Lagos CSOs Say NO to NGO Bill

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Twenty-five civil society actors converged in Lagos on October 3, 2019 to discuss strategies for confronting the resurgence of restrictive legislative proposals designed to shrink the civic space and crush civil liberties in Nigeria. The meeting came on the heels of official plans to re-introduce the rested Non-Governmental Organizations Regulatory Bill (NGO Bill) at a time activists and social campaign organizations are facing a growing onslaught of arrests, detentions, prosecutions and massive crackdowns on their activities.  The meeting also afforded them an opportunity to understand and discuss plans for engaging external assessors from the Financial Action Taskforce and ECOWAS Intergovernmental Group Against Money Laundering in West Africa (GIABA) during the second round of Nigeria’s Mutual Evaluation scheduled for September to October 2019.

 

The meeting began with a review of past and present legislative proposals, including subsisting enactments that threaten the civic space. In 2014, the Nigerian civil society successfully resisted an attempt to introduce a legislation designed to give the Nigerian government maximum powers to regulate international funding to civil society organizations. Two years later, another Bill called the Frivolous Petitions (Prohibition) Bill, popularly known as the Anti-Social Media Bill, which surfaced in the Nigerian legislature suffered a similar fate in May 2016. Barely two months after the Anti-Social Media bill was rested, another bill that aimed to zealously stifle civil society operations in Nigeria passed second reading at the Nigerian parliament. If passed into law, the bill titled, – A Bill for an Act to Provide for the Establishment of Non-Governmental Organizations Regulatory Commission – will empower the Nigerian government, through various bodies to regulate, monitor and interfere with the funding and operation of non-governmental organizations (NGOs) and civil society groups (CSOs). Popularly known as the NGO Bill, overly broad and vaguely-worded provisions of the Bill empower state bodies to refuse, accept, renew every two years or revoke the registration of NGOs, and close down their operations, in accordance with national interest considerations. As with the preceding legislative proposals, efforts to get the NGO Bill passed in 2017 was blocked.

 

The Nigerian civic space has steadily witnessed a wave of clampdown since 2015, sparking concerns within the civil society community. The clampdown on the civil society manifests in various forms ranging from the arrest of journalists for their investigative work,  intimidation and shaming of social justice organisations for demanding accountability from government, prolonged detention, including prosecution and imprisonment of social critics,  tear-gassing protesters, sealing protest venues, over-broad application of existing laws like the Cyber crime Act and Terrorism Act 2011, and use of national security concerns to censor the legitimate activities of civic actors online and offline. These incidents are tracked and reported on a digital database –- www.closingspaces.org. Through a range of strategies, advocates have continued to push back against rising restrictions and attacks on civic actors.  Accordingly, the renewed attempt to resurrect the rested NGO Bill sends a blazing red flag to the populace, with implications for the rights to the freedom of expression, association, and peaceful assembly.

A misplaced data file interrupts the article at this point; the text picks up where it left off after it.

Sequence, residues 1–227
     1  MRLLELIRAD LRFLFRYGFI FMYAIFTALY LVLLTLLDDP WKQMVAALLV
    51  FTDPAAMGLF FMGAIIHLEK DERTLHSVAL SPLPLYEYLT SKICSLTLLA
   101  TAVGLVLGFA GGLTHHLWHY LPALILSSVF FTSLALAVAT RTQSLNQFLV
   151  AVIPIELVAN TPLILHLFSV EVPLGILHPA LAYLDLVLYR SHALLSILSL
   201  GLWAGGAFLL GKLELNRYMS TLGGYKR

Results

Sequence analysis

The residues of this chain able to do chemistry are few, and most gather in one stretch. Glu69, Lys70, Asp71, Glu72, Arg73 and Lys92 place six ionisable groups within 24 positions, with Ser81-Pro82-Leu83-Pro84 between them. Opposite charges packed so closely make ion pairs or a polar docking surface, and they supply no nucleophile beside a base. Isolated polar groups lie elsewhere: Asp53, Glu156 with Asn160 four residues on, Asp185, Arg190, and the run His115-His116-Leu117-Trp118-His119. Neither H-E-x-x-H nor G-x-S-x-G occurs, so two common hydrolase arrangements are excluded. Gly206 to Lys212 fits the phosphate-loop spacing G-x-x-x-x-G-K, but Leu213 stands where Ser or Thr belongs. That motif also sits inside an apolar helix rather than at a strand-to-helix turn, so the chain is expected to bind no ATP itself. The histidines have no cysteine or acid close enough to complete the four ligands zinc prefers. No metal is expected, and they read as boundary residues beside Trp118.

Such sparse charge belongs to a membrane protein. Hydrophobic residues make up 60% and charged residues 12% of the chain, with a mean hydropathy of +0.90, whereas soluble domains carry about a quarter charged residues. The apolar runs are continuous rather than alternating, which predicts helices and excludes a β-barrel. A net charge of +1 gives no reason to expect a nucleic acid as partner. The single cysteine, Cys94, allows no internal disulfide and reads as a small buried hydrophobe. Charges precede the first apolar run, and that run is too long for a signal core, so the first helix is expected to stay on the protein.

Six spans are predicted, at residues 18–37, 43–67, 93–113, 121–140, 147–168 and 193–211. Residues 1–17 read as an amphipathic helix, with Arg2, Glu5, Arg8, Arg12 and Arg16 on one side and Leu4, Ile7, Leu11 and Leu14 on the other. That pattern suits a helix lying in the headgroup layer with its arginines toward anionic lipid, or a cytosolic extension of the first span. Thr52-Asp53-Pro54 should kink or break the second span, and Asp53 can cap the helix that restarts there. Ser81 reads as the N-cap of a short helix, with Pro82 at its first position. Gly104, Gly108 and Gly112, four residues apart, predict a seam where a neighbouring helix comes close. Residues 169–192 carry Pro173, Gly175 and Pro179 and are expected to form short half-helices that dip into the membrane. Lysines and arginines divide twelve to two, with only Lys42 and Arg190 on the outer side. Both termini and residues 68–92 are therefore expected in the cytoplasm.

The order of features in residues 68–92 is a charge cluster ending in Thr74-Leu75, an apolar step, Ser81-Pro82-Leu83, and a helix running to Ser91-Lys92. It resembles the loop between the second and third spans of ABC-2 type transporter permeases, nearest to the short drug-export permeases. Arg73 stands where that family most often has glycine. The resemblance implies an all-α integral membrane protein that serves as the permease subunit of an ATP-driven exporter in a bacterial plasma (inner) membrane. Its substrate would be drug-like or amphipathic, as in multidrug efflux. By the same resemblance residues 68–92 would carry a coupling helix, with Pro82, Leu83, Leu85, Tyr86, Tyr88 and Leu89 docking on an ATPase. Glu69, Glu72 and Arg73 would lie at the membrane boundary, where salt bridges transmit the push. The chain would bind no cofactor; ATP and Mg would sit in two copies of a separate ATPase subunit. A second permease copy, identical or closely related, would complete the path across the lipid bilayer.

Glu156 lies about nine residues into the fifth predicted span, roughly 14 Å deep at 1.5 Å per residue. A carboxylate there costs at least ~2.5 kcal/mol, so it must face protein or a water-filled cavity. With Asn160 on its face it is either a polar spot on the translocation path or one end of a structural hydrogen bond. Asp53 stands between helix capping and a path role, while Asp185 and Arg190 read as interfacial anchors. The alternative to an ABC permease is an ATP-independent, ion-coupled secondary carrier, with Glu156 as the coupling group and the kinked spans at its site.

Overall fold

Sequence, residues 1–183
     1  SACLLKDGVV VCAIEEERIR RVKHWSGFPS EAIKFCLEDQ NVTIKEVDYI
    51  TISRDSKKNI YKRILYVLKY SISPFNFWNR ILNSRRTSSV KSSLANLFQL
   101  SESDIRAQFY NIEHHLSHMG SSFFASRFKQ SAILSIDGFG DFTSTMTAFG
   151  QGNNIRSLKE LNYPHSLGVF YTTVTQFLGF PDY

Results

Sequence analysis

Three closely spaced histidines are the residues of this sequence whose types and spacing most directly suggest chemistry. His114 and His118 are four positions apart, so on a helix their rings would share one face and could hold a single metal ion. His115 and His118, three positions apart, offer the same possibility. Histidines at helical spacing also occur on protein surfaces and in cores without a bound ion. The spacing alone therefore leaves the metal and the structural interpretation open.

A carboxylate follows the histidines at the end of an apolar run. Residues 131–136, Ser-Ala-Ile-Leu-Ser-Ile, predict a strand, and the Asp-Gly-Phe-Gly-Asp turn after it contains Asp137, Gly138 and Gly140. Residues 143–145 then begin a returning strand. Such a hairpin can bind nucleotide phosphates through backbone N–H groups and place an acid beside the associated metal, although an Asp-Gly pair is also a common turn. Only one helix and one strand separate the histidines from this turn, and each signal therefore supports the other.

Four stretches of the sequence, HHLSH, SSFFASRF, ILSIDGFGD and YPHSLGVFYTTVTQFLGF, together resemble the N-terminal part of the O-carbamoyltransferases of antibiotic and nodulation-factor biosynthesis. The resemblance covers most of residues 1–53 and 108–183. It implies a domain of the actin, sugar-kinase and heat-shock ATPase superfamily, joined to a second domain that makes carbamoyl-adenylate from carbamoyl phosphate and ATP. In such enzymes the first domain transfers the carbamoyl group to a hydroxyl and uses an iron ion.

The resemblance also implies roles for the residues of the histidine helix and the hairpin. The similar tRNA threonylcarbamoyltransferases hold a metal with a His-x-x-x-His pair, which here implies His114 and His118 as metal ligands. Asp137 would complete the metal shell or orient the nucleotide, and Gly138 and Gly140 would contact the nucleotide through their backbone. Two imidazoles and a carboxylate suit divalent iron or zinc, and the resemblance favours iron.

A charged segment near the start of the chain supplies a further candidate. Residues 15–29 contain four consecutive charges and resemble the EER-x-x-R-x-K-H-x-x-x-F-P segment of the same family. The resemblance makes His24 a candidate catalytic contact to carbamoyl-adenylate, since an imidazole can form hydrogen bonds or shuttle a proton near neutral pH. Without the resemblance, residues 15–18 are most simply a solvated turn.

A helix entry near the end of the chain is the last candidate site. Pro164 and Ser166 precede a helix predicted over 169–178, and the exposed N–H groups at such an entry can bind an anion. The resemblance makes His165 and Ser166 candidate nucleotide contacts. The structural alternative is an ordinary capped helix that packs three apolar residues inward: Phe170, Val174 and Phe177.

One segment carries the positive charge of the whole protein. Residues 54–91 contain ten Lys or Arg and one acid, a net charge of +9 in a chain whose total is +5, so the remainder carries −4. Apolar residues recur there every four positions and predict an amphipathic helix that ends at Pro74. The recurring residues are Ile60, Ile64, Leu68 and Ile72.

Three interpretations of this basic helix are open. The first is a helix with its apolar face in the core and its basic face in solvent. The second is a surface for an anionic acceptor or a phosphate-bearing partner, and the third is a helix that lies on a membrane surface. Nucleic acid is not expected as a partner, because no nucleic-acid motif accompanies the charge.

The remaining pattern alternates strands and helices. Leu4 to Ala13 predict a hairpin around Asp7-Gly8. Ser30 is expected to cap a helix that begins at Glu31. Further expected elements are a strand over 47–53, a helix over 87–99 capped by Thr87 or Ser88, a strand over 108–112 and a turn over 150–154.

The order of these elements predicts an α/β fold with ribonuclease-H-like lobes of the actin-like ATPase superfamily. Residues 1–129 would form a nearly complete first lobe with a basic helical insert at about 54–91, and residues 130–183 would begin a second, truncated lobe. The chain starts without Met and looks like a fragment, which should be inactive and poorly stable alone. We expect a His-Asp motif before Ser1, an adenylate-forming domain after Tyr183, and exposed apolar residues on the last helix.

The highpoint of the meeting was the discussion around the results of the National Risk Assessment (NRA) conducted by the Nigerian Financial Intelligence Unit (NFIU). A National Risk Assessment is a recommendation of the Financial Action Taskforce (FATF) requiring countries to assess money laundering and terrorism financing (ML/TF) risks existing within a system. Adopting a risk-based approach (RBA), the assessment determines the financial and non-financial sectors of an economy vulnerable to threats and risks of money laundering and financing of terrorism. A risk-based assessment allows countries to identify, assess, and understand their ML/TF risks, including prioritise resources and apply counter measures that correspond to the level of risks identified. The RBA is also central to the FATF’s 49 recommendations which are recognised as global standards prescribing methodologies that guide countries in conducting an objective national risk assessment.